The other major "park" in the area is South Park, or as it was first called, Bayou Salado. South Park was used early and frequently by both Native Americans and Europeans. It was the best known area in Colorado prior to 1830. The park lies at an altitude of some 9,000 feet and is 40 miles long by 15 miles wide. The South Platte River intersects the entire valley on a northeasterly trend and provides a regular water source. To the west rises the Mosquito Range that shields the upper Arkansas Valley. Beyond, westward, lie the Rocky Mountains. To the east, the Tarryall Mountains provide another barrier. Moisture falls in the form of snow and thundershowers and averages 20 inches per year. [2] South Park also contains portions of Colorado's famous "Mineral Belt" where gold, silver, and non-precious minerals are found. Equally, the upper Arkansas Valley is the home of the fabulous silver veins of Leadville. The upper Arkansas River region consists of a narrow valley running from Leadville to Salida with the Collegiate Range on the west and the Mosquito Range to the east. As the Arkansas flows south, it cuts through the granite canyons of Fremont County, carves the Grand Canyon of the Arkansas (the Royal Gorge), a chasm some 1,200 feet deep, and then exits near Canon City. From here, the river flows past Pueblo and out to the eastern plains. In its higher locations the Arkansas is fed by numerous streams that originate in mountain valleys. [3]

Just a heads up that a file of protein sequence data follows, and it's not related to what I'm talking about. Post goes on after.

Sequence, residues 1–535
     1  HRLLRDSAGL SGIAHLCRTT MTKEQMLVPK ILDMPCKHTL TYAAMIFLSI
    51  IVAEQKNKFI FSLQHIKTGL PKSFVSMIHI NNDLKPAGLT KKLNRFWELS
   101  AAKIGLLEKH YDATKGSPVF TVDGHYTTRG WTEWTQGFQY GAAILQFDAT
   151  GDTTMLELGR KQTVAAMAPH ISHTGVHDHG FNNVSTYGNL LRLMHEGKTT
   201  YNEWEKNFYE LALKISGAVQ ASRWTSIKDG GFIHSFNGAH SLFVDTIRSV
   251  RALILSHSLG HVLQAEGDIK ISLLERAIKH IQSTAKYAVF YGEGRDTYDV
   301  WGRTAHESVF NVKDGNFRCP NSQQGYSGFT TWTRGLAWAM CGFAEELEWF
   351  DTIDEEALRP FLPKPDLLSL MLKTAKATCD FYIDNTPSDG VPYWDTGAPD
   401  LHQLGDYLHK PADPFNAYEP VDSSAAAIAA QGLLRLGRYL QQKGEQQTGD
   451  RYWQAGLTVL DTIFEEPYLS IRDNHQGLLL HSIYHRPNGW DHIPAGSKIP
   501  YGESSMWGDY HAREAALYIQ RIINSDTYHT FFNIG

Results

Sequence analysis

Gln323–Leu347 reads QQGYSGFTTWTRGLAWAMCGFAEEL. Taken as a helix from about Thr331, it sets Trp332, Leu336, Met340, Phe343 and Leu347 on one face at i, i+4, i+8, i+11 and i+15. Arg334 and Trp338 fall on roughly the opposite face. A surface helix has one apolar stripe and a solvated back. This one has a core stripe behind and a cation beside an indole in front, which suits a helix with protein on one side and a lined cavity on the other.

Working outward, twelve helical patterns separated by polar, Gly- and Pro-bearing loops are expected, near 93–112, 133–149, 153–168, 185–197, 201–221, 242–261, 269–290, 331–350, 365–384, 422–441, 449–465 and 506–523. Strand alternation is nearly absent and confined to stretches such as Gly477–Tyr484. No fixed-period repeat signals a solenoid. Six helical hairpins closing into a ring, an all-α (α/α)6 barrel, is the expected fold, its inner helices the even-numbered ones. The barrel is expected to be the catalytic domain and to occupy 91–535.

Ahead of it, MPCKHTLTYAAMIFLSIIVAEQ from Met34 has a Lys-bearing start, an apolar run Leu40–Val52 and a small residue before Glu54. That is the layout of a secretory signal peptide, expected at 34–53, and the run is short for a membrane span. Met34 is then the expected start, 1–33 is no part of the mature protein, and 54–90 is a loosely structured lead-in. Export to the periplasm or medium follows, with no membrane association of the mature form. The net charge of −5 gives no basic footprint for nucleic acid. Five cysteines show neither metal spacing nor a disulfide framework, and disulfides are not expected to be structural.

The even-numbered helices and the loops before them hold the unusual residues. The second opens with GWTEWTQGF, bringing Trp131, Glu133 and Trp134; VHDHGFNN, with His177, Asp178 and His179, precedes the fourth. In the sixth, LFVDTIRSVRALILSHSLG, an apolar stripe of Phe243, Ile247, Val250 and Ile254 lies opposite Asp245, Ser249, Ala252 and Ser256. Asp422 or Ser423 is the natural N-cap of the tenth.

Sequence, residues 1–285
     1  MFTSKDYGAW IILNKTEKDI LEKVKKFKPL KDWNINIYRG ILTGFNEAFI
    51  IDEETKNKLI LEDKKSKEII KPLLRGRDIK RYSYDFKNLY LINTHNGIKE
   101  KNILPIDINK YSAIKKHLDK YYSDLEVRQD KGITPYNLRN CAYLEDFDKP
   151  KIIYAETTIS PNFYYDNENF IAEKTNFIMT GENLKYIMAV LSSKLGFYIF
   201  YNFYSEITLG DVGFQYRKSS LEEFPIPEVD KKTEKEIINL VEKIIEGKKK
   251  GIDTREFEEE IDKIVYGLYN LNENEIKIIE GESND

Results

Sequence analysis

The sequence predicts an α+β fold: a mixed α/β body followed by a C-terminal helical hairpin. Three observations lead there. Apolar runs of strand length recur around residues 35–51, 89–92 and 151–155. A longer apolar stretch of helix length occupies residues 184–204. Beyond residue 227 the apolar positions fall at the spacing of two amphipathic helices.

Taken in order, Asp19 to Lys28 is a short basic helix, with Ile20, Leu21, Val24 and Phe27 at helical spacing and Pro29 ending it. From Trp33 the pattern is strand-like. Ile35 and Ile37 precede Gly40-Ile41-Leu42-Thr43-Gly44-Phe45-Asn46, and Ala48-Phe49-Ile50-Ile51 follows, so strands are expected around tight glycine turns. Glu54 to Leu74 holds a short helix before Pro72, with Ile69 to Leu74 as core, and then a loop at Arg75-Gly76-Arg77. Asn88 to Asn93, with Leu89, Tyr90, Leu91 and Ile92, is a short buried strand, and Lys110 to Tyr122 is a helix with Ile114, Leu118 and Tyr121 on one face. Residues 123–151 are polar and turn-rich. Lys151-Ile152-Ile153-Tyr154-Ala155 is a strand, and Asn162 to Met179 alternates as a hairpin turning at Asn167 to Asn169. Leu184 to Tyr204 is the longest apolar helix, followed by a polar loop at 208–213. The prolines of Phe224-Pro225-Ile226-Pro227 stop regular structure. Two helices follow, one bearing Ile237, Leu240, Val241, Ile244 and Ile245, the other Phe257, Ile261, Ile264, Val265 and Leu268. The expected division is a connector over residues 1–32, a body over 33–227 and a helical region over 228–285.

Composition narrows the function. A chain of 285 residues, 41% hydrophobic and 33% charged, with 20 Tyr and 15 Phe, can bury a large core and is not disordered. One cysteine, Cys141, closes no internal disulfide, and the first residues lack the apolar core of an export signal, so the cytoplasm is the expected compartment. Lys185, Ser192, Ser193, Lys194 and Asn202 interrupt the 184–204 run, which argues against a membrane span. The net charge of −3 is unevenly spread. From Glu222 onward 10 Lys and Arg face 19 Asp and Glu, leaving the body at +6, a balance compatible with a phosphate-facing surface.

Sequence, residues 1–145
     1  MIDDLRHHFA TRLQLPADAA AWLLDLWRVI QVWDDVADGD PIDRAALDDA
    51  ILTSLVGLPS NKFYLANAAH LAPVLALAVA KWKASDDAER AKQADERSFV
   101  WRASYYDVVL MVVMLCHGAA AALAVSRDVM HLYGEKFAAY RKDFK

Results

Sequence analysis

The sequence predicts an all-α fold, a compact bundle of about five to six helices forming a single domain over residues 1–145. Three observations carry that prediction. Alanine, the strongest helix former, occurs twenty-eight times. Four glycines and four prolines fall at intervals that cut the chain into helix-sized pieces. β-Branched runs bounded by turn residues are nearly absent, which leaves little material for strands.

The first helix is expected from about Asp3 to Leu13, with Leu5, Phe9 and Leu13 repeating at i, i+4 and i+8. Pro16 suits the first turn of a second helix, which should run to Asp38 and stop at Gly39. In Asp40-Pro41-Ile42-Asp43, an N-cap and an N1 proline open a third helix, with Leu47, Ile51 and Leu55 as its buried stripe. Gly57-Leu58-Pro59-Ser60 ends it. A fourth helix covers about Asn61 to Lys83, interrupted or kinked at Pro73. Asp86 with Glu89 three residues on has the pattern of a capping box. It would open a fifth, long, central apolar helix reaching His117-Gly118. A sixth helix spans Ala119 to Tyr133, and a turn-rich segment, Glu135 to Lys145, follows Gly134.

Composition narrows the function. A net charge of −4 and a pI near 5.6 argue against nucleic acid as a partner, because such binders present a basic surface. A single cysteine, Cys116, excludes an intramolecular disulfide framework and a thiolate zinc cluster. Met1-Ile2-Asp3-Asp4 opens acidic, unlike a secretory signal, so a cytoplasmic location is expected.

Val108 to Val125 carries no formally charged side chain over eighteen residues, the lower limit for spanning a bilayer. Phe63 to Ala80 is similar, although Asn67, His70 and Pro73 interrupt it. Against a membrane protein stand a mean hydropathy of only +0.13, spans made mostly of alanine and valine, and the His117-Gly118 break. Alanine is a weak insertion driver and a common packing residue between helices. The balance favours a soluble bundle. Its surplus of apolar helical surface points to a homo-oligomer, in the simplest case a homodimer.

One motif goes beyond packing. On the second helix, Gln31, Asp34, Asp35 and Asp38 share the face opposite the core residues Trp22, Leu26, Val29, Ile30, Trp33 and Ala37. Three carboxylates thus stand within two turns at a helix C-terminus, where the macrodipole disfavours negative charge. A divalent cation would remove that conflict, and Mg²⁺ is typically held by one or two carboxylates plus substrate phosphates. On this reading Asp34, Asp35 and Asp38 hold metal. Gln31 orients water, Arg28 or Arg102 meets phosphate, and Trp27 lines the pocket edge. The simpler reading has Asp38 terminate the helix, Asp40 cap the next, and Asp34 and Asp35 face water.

The Purgatoire River Valley, east of Trinidad, Colorado, is typical of the deeply eroded land found in southeastern Colorado's foothills. (Photo by A.J. Senti)

Another geographic feature of this region is a small basin south of Canon City called the Wet Mountain Valley. Here the Sangre de Cristo Mountains on the west, and the Wet Mountains to the east, create an inter-montane "park" that is high, dry, and mineralized. The valley contains silver-bearing veins and was the scene of a major silver boom in the 1880's. Today it is dedicated to cattle ranching. [4] South of the Wet Mountain Valley lies what is commonly called Raton Basin. This land consists of broken terrain intersected by numerous watercourses, including the Huerfano and Apishapa Rivers. Westward lie the twin Spanish Peaks, and the basin descends slowly to meet the plains at Walsenburg, Aguilar, and Trinidad. South, the Purgatoire River very nearly approximates the New Mexico-Colorado border. The Raton Basin is characterized by vast coal deposits that belie its presently arid climate. This area was once a swamp that lay at the edge of a shallow sea extending from the Gulf of Mexico across Texas and into southeastern Colorado. Valleys created by modern streams are quite narrow and marginally useful for agriculture. East of Trinidad the land is broken by waterways and deeply cut by erosion. Here a series of high mesas run east about 50 miles, the largest being Mesa de Maya. The southern part runs west to the Raton Mountains of New Mexico where Raton Pass, the major entry into northern New Mexico, is located. Traditionally, this pass was used to enter Trinidad from Taos.